Cryptocurrency ETF May Become A Reality In Japan
The permission of a Bonafide Bitcoin Exchange Traded Fund (ETF) in the US–one of the world’s largest crypto-industry markets–has long been a grandiose dream for cryptosphere optimists.
The US Securities and Exchange Commission (SEC) have long been opposed to the approval of such a major financial asset because the organisation believes that cryptocurrencies are too nascent to endorse such an offer (insufficient volume, manipulation fears, and minimal oversight).
In this case, the body has pushed back decisions on cryptocentric ETF inquiries or rejected applications time and time again. Even a proposal from the Winklevoss Twins and their-highly regarded, fully regulated crypto startup, Gemini, was turned down, signaling that the SEC is very selective when it comes to such an emerging investment vehicle. However, the Japanese Financial Services Agency (FSA) may examine the approval of Bitcoin ETF initiatives in a recent article by Bloomberg, which quoted those acquainted with the subject.
Anonymous sources asserted that the SEC equivalent of the Asian country had “abandoned plans” to permit crypto-linked derivatives, such as physically backed futures (Bakkt), to be traded in Japan, but rather looked at ETFs. The FSA’s deferment of permitting derivatives can be regarded as dovish, especially in view of the alleged power in physically backed Bitcoin futures and similar non-paper assets.
However, some skeptics contend that this regulatory action could be a positive development for this sector, as tin-foiled haters assume that paper futures, such as those based primarily on CME and CBOE, actually flattened Bitcoin’s value rather than increasing it. In addition, given the hype around a full-fledged crypto ETF, the apparent change in tactics of the FSA could ultimately turn out to be positive for this budding ecosystem.
Sources suggest that the relevant Japanese agency is presently doing its level best to “gauge industry interest” in Bitcoin ETFs, as it tries to offer investors an option to the above-described derivatives, which could create speculative conditions and hardly any use.
Bloomberg’s inside people added that if ETFs are formalised as the right way to go down, the Liberal Democratic Party will nudge a government bill by March, which implies that the legislation could enter into force by 2020. The current theoretical bill is supposed to rewrite Japan’s securities law and the Payment Services Act, which has become a topic of debate to cryptoenthusiasts in the country.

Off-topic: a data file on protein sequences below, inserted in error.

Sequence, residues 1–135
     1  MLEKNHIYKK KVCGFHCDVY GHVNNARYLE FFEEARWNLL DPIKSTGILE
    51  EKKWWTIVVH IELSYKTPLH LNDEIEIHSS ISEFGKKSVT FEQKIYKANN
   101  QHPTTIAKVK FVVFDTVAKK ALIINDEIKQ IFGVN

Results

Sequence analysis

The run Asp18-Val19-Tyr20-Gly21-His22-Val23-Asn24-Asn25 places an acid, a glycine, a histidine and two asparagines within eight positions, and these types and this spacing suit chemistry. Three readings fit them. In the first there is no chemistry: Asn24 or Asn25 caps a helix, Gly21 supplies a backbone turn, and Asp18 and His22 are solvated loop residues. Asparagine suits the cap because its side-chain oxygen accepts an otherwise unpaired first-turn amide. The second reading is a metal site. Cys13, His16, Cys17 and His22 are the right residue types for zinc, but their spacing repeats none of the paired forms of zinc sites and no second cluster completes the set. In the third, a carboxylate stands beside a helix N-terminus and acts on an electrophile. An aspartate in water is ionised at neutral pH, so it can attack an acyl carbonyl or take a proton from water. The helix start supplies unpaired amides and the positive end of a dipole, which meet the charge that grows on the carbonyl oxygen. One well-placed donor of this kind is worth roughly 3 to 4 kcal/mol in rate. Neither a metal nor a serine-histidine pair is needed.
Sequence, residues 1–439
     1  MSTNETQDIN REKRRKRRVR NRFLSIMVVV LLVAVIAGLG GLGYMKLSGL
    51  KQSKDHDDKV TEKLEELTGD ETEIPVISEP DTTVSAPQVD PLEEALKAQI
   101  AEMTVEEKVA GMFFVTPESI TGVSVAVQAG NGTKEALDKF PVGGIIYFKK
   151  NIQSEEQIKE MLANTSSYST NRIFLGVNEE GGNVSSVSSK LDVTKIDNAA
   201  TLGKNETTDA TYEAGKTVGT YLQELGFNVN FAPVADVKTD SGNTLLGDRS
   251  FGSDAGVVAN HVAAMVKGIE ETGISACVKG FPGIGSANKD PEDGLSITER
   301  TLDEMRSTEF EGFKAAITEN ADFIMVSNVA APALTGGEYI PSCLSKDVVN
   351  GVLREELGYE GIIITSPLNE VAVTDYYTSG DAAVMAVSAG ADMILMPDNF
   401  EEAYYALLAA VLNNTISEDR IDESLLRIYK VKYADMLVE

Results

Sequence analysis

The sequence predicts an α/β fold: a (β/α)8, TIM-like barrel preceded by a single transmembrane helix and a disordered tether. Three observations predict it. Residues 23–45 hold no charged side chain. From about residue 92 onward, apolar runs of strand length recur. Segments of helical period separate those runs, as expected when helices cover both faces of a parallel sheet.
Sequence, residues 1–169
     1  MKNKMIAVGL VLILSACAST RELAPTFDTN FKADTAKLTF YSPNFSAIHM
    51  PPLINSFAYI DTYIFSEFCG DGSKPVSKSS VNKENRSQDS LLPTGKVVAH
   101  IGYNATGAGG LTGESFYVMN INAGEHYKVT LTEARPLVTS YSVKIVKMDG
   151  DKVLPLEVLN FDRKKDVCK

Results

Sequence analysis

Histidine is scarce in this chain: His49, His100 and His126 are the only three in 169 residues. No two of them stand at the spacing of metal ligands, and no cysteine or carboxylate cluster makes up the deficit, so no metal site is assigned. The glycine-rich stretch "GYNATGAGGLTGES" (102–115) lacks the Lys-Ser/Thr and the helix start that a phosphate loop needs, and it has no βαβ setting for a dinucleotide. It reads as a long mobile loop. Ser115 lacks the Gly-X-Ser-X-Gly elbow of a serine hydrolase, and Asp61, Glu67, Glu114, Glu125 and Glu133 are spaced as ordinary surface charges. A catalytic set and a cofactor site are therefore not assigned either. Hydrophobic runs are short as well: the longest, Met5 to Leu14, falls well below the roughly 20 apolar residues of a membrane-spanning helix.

While the chances for Bitcoin ETFs based in Japan may be substantially better, VanEck, a staunch supporter of the crypto industry, has still steered for permission across the pond. As reported earlier, an official SEC memorandum dated 28 November 2018 divulged that representatives of VanEck, SolidX and CBOE debated the Bitcoin issue in a closed door meeting.
In this meeting, VanEck representatives unveiled a powerpoint presentation of 62 segments, which dissected its ETF application to its core, along with the present state of the cryptocurrency market. When discussing the latter, the board revealed that, like conventional commodity markets, the value of BTC is “tightly linked” on the spot and futures markets, evidently demonstrating that Bitcoin is a “well-functioning capital market.”
However, after some careful consideration on the meeting, the SEC delayed its remark on the application once more. In a policy document published by the SEC on 6 January, the government agency asserted that it would exercise its right to postpone a judgment on the request until 27 February 2019. While this new regulatory judgment was considered bearish by gullible traders, many strategists and commentators argued that the pause was expected, expressing concerns that the underlying crypto market is not completely ready for such an investment vehicle to arrive.
However, thousands of people are still anxiously waiting for the arrival of the US-based, regulated, physically-backed, retail-affordable Bitcoin ETF, which could trigger widespread adoption. But that’s just a hope at this point.